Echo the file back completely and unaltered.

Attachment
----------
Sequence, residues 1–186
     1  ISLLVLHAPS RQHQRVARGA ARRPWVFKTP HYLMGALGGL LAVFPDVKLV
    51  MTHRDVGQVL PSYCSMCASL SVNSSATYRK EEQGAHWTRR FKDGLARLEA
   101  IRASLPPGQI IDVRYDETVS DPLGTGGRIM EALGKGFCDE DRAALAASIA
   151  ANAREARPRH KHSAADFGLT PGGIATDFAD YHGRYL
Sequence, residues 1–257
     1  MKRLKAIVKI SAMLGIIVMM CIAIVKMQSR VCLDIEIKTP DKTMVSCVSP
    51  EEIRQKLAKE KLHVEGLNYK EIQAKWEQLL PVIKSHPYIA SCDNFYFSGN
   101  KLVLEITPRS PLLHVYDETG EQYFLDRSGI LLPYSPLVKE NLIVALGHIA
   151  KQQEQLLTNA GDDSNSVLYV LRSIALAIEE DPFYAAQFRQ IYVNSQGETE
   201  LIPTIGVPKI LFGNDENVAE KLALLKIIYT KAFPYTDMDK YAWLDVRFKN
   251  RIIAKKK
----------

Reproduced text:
Sequence, residues 1–186
     1  ISLLVLHAPS RQHQRVARGA ARRPWVFKTP HYLMGALGGL LAVFPDVKLV
    51  MTHRDVGQVL PSYCSMCASL SVNSSATYRK EEQGAHWTRR FKDGLARLEA
   101  IRASLPPGQI IDVRYDETVS DPLGTGGRIM EALGKGFCDE DRAALAASIA
   151  ANAREARPRH KHSAADFGLT PGGIATDFAD YHGRYL
Sequence, residues 1–257
     1  MKRLKAIVKI SAMLGIIVMM CIAIVKMQSR VCLDIEIKTP DKTMVSCVSP
    51  EEIRQKLAKE KLHVEGLNYK EIQAKWEQLL PVIKSHPYIA SCDNFYFSGN
   101  KLVLEITPRS PLLHVYDETG EQYFLDRSGI LLPYSPLVKE NLIVALGHIA
   151  KQQEQLLTNA GDDSNSVLYV LRSIALAIEE DPFYAAQFRQ IYVNSQGETE
   201  LIPTIGVPKI LFGNDENVAE KLALLKIIYT KAFPYTDMDK YAWLDVRFKN
   251  RIIAKKK